gCube once deployed and installed implements a service that is characterised by some foundational concepts, i.e. Portal, Virtual Research Environment, Workspace and Content (Information Objects, Collections, Annotations and Metadata).
This is the "web site" acting as a point of access to the set of Virtual Research Environments operated by a gCube-based Infrastructure.
Virtual Research Environment
This is web-based working environment conceived to provide scientists with a collaborative framework enabling them to produce and exchange results with peers around the globe in cost-efficient manner. A VRE not only offers capabilities for accessing cross-disciplinary data and knowledge, it also provides services for exploiting a multiplicity of other disparate tools and computing resources enabling innovative analysis, simulation and domain specific knowledge generation processes.
Each VRE has its own offering with respect to available content and capabilities that is tailored to serve the needs of a specific scenario.
The set of facilities that might be offered via a VRE are described in the remainder of this guide.
A workspace represents a collaborative area in which users can exchange and organize information objects (items) according to their specific needs. Because of this, every user of any Virtual Research Environment is provided with this area. It resembles a classic folder-based file system. For further details, please refer to the dedicated page.
Content: Information Objects, Collections, Annotations and Metadata
The Content concept encompasses the data and information that the VRE handles and makes available to its users.
It is an umbrella concept used to aggregate all forms of information objects that a VRE collects, manages, and delivers, including such objects as annotations, and metadata.
Content is composed of a set of information objects organized into collections.
The notion of Information Object represents the main entity populating the Content of a Virtual Research Environment. An Information Object can be a complex, multimedia and multi-type object with parts, such as a sound recording associated with a set of slides, a music score, political and economic data associated with interactive simulations, a Ph.D. thesis which includes a representation of a performance, or a simulation experiment and the experimental data set adopted, a data stream representing the pool of data continuously measured by a sensor.
Collections represent the “classic” mechanism to organize Information Objects and to provide focused views of the VRE Content. They are sets of Information Objects aggregated for some management purposes, e.g. behave as a single entity for access rights management. Another typical role assigned to collections is organizing the search space into restricted and/or topic-based sub-sets of it, thus allowing improving the search results.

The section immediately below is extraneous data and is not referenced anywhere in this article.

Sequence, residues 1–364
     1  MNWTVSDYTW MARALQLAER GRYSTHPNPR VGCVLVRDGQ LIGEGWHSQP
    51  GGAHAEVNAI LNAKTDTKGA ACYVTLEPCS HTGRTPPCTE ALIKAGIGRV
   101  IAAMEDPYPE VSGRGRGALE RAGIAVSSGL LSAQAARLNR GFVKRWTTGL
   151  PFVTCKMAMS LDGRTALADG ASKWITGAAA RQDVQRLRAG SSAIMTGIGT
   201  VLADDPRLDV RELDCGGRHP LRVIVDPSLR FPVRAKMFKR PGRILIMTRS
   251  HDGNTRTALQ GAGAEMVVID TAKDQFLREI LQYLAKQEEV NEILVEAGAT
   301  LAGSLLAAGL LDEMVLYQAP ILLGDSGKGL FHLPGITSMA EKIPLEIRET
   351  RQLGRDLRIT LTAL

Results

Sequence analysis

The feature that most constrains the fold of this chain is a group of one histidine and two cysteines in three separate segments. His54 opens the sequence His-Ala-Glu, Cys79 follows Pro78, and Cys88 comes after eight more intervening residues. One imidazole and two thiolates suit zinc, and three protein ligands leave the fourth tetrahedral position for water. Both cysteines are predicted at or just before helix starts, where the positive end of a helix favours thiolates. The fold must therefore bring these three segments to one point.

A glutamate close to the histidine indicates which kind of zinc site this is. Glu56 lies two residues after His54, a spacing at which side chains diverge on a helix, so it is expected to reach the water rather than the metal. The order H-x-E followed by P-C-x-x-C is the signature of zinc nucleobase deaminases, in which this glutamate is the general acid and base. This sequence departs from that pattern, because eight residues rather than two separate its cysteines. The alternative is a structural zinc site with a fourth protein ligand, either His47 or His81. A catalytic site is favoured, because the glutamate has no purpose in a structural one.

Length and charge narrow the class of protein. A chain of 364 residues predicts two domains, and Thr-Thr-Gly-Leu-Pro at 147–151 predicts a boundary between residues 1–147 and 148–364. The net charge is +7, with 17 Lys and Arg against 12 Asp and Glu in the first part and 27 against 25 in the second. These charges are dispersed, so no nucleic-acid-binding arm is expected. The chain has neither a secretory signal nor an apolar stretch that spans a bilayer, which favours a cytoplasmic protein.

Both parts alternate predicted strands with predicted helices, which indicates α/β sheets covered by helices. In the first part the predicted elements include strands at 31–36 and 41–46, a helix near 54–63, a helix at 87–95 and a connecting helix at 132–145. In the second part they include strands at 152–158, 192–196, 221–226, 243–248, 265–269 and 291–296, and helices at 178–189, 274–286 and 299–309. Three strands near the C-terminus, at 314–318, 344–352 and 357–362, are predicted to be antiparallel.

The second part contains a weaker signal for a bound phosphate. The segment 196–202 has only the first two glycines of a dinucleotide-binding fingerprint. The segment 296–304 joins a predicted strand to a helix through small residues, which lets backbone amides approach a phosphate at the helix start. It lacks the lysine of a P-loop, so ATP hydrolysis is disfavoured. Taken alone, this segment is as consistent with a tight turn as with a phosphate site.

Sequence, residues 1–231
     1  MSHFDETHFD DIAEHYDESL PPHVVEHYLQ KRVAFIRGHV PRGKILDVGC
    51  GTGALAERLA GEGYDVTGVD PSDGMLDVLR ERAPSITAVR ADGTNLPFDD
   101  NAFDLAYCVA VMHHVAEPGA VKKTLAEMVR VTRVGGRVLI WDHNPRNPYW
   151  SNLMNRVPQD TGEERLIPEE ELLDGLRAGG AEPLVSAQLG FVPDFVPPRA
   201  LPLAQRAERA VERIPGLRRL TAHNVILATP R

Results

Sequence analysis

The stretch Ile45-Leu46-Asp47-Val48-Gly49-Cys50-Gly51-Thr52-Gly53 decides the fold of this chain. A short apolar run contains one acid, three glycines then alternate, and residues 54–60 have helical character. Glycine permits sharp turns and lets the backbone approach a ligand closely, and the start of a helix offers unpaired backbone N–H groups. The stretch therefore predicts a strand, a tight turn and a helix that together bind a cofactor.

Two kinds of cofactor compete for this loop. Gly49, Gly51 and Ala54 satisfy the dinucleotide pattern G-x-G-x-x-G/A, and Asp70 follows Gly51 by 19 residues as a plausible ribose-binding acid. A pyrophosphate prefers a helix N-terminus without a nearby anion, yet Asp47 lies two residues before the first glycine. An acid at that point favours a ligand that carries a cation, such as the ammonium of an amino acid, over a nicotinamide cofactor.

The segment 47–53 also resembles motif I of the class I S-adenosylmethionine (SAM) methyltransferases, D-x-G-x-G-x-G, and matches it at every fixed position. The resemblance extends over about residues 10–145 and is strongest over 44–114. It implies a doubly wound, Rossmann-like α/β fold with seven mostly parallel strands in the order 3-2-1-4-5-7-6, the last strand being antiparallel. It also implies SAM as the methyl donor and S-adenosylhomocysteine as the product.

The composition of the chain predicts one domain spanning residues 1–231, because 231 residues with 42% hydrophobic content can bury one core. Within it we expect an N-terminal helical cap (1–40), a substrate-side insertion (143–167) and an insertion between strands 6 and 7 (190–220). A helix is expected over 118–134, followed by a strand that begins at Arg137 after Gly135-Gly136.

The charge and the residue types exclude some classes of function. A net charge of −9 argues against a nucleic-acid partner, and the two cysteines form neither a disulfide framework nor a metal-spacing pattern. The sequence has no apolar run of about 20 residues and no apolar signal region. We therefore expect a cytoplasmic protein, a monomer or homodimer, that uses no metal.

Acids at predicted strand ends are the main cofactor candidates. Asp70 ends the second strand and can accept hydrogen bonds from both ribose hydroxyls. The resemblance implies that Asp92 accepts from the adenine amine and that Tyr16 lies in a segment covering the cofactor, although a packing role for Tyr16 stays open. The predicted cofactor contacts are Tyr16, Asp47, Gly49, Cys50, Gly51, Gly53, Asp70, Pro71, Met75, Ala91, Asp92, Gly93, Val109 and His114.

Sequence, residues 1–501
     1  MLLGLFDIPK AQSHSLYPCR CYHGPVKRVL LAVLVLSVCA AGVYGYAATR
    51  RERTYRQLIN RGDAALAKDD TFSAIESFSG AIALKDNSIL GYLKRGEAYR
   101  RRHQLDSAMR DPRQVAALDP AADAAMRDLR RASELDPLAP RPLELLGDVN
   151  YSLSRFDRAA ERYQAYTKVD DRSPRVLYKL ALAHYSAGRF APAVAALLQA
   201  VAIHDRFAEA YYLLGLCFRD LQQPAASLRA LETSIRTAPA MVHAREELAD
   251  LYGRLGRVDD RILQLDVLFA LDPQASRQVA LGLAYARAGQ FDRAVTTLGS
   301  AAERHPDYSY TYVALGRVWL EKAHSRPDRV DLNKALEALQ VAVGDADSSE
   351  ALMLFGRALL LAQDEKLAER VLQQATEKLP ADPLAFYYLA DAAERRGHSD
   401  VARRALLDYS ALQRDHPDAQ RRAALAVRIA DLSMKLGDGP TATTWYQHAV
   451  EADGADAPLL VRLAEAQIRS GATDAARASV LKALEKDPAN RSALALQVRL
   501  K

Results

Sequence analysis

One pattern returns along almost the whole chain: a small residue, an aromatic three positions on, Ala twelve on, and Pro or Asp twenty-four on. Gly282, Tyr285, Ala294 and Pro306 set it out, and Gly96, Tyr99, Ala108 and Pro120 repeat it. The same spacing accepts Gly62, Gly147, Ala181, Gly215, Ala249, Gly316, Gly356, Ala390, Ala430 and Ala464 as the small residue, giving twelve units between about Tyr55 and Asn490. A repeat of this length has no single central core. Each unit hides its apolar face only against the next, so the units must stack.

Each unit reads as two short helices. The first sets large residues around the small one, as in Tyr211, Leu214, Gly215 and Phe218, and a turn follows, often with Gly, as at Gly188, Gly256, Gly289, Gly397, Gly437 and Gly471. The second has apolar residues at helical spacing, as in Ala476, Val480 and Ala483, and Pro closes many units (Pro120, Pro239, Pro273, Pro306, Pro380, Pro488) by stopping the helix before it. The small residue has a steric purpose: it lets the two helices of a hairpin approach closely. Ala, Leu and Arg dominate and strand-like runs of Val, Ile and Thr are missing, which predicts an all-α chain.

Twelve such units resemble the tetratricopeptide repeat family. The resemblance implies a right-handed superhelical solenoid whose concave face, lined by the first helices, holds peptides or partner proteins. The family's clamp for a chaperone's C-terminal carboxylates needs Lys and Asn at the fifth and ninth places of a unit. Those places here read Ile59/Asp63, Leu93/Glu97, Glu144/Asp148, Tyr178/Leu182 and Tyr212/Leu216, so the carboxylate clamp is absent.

As a definition of annotation we could say that it is a written explanation or criticism or illustration that is added to an information object. Informally, annotations are comments or notes made by users in order to expose their ideas about a document. The annotations’ role in a digital library is very important since they promote collaboration between the users of the library. Through annotations, new ideas and concepts can be discussed, something which may help the understanding of an annotated object and the advance of knowledge about it. For further information, please refer to the dedicated page.
Every Information Object is equipped with metadata. The “classic” definition of metadata is “data about other data”.
Metadata are used for describing different aspects of the data they are associated with, such as the semantics, provenance, constraints, parameters, content, quality, condition, and any other characteristic that is considered important to record. These data can be used in different contexts and for a diversity of purposes; usually, they are associated with an Information Object as a means for facilitating the effective discovery, retrieval, use and management of the object.
The gCube system does not impose any constraint on the metadata it supports, the system is capable to handle any piece of text. Each metadata object contains data described according to a specified schema and/or ontology in the large (any conceptualisation that defines the terms about a domain). In fact, a metadata object usually manifest in a metadata record, i.e. a number of items of information where each item as well the values assigned to the item might come from one or more controlled vocabularies. An example of metadata schema is Dublin Core, i.e. a vocabulary of fifteen properties for use in resource description. An excerpt of a Dublin Core metadata record in XML is as follows
... <dc:creator>Rose Bush</dc:creator> <dc:title>A Guide to Growing Roses</dc:title> <dc:description>Describes process for planting and nurturing different kinds of rose bushes.</dc:description> <dc:date>2001-01-20</dc:date> ...
However, multiple metadata schemas/ontologies exist and can be defined, each tailored or specifically designed to satisfy the needs of a well identified community.
Each Information Object might be equipped with an arbitrary number of metadata objects compliant with a specific schema.